We have a budget.

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Lawmakers and Gov. Jerry Brown agreed on a spending plan Tuesday, a day after the Legislature passed its version, and the Legislature passed it Friday morning. Depending on your perspective, either Brown’s version massively undercounted revenues, the Democrat-led Legislature version massively overcounted revenues OR there wasn’t that much difference between the two versions and everyone should just stop running their soup-coolers about it.

Dem lawmakers in CA give up, accept @JerryBrownGov numbers on the budget that undercount revenues by $2.4bn http://t.co/WO1cvLGOWs

— David Dayen (@ddayen) June 16, 2015

Gov wise to heed call of #Republicans to base #cabudget on realistic revenue projections & reject Dem spendng spree: https://t.co/8HU7TSPNfv

— Kristin Olsen (@KristinOlsenCA) June 16, 2015

Difference in spending between legislature’s budget and final budget is relatively tiny. Just FYI. https://t.co/nqJpwIdeCD

— David Rolland (@drolland) June 16, 2015

The big takeaways:

The item getting most attention nationally is the fact that California will become the first state to extend Medicare benefits (using the state version, Medi-Cal) to undocumented children.

Speaker Toni Atkins’ budget statement shouted out the Earned Income Tax Credit, something Dems have been trying to make happen for years. (She and Assemblywoman Shirley Weber wrote about why they love it in this Union-Tribune op-ed.)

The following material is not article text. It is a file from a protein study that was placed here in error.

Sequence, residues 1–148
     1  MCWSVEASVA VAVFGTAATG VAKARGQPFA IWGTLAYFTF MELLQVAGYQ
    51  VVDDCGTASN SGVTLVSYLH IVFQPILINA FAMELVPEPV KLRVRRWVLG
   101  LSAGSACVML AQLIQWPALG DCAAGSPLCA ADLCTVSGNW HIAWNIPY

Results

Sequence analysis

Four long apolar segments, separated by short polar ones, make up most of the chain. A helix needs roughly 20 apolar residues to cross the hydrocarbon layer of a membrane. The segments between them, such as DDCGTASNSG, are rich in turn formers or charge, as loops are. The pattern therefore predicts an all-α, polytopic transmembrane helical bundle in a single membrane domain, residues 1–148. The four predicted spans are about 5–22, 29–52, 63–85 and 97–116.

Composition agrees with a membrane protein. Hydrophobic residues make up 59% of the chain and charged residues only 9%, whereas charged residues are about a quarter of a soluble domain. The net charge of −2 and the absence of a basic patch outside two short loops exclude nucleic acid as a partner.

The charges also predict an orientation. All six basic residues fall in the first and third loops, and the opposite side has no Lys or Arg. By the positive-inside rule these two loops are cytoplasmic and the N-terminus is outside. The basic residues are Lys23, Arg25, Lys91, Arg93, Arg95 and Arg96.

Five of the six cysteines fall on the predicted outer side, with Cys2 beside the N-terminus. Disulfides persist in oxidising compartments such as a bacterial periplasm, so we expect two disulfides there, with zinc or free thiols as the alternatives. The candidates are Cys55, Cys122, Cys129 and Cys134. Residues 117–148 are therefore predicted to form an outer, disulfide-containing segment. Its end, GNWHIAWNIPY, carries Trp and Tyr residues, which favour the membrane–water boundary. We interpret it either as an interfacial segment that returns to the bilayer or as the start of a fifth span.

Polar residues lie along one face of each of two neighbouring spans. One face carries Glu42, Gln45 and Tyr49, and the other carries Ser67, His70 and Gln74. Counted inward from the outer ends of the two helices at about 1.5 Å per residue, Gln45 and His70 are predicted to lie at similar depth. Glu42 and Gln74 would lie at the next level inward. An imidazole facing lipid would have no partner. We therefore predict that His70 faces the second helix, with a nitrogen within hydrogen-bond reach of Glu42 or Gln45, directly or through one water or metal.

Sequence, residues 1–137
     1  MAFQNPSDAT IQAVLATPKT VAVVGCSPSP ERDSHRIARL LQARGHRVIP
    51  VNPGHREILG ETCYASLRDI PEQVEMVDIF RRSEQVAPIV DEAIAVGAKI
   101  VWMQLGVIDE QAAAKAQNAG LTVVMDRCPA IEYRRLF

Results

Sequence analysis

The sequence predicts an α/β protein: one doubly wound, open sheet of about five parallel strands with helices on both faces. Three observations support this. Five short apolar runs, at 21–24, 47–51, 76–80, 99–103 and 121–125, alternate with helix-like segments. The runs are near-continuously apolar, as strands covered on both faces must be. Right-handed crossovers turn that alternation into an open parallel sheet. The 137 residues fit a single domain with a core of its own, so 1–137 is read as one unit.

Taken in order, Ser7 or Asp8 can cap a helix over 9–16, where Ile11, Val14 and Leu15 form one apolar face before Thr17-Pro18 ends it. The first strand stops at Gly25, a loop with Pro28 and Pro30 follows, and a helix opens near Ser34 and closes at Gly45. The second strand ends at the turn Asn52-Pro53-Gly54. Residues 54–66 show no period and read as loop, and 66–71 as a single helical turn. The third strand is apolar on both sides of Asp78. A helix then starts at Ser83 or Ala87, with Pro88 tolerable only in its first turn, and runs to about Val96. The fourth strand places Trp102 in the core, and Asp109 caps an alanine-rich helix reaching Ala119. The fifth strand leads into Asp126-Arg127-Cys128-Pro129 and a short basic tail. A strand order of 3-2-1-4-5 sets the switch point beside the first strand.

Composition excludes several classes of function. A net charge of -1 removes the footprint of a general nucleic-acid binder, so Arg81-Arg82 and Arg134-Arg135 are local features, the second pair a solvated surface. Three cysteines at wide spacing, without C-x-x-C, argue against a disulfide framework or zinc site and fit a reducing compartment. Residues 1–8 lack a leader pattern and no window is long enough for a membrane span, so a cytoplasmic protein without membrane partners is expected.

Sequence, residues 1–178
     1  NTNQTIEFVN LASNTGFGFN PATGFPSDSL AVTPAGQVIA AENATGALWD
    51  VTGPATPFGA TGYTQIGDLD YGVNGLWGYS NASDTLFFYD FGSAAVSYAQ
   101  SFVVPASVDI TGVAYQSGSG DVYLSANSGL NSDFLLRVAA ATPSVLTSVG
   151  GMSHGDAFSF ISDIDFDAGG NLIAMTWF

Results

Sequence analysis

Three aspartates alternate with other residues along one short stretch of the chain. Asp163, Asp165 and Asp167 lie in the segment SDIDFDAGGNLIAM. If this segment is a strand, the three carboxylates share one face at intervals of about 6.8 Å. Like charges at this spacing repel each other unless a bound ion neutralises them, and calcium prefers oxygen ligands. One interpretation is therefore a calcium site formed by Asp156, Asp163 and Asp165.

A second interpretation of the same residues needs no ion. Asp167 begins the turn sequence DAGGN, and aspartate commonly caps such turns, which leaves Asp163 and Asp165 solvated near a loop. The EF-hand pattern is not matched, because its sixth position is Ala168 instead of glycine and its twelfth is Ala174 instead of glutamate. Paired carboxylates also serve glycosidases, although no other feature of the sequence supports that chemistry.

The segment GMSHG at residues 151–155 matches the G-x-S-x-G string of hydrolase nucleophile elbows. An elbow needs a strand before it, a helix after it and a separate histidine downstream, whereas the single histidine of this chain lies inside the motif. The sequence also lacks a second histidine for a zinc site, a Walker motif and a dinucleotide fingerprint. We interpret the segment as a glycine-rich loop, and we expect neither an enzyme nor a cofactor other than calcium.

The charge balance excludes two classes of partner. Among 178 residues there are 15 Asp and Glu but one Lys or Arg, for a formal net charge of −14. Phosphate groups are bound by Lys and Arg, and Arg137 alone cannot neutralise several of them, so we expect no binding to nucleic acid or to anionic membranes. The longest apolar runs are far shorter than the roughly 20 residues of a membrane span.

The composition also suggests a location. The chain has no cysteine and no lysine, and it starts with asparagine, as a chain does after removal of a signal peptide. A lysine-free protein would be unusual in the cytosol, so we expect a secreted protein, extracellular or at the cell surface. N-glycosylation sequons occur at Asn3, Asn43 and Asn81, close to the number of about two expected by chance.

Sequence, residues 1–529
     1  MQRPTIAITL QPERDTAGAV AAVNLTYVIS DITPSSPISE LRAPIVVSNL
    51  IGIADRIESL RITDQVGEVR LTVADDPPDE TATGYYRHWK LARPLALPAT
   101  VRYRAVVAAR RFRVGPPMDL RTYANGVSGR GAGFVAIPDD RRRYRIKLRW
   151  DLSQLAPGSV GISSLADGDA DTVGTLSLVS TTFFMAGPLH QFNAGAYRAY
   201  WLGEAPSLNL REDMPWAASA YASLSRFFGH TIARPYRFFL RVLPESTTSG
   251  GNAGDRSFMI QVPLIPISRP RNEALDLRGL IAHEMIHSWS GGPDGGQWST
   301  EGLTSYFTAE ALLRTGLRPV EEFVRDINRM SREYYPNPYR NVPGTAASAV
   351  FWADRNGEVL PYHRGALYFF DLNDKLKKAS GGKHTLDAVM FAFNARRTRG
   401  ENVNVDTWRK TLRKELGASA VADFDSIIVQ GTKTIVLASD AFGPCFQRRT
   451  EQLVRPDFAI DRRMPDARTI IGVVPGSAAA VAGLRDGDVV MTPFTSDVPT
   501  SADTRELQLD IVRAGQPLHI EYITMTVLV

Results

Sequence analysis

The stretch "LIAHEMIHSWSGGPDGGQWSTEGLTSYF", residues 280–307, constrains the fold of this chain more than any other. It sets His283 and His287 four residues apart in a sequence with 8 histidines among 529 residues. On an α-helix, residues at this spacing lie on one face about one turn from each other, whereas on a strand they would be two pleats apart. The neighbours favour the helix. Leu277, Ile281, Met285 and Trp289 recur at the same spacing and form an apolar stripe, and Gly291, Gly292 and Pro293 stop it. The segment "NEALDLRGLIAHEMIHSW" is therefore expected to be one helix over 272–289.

Sen. Marty Block focused on the fact that more money is coming into the CSU system – he objects to it being treated as the redheaded stepchild (OK fine, his statement calls it the “underappreciated Cinderella”) of California education when it serves more students than the University of California.

Not everyone was happy, of course. Advocates for the developmentally disabled staged a large protest in Sacramento after a rate increase for caretakers was left out of the budget.

By far the best budget-related takeaway, though: Friends don’t let friends Facebook and vote. That was how Republican Assemblyman Scott Wilk, who represents Simi Valley, ended up accidentally voting for a budget he opposes.

My wife is right – I can’t multitask! Accidentally voted for Budget while Facebooking against AB 93. The perils of social media #CABudget

— Scott Wilk (@ScottWilkCA) June 15, 2015

San Diego-area Assemblyman Rocky Chavez, however, did end up splitting with Republicans to vote for the final version of the budget Friday — but he seems to have done it on purpose.

Brown Sidesteps CEQA Reform

We’ve been thinking about CEQA a lot lately, as it’s unsurprisingly become the latest wrench in the plan for a new Chargers stadium. The city and the team keep bickering over whether a December stadium vote is too soon to get all the CEQA-required environmental studies done.

CEQA has been on Gov. Jerry Brown’s mind too, but not in the way he said it would be. When Brown reclaimed the governor’s office he “vowed to ease California’s landmark environmental restrictions,” reports the L.A. Times, but since there’s virtually no hope of reforming CEQA in the Legislature, “Brown and Democratic lawmakers have instead struck deals giving special consideration to certain projects rather than confront the political difficulties of overhauling the law.”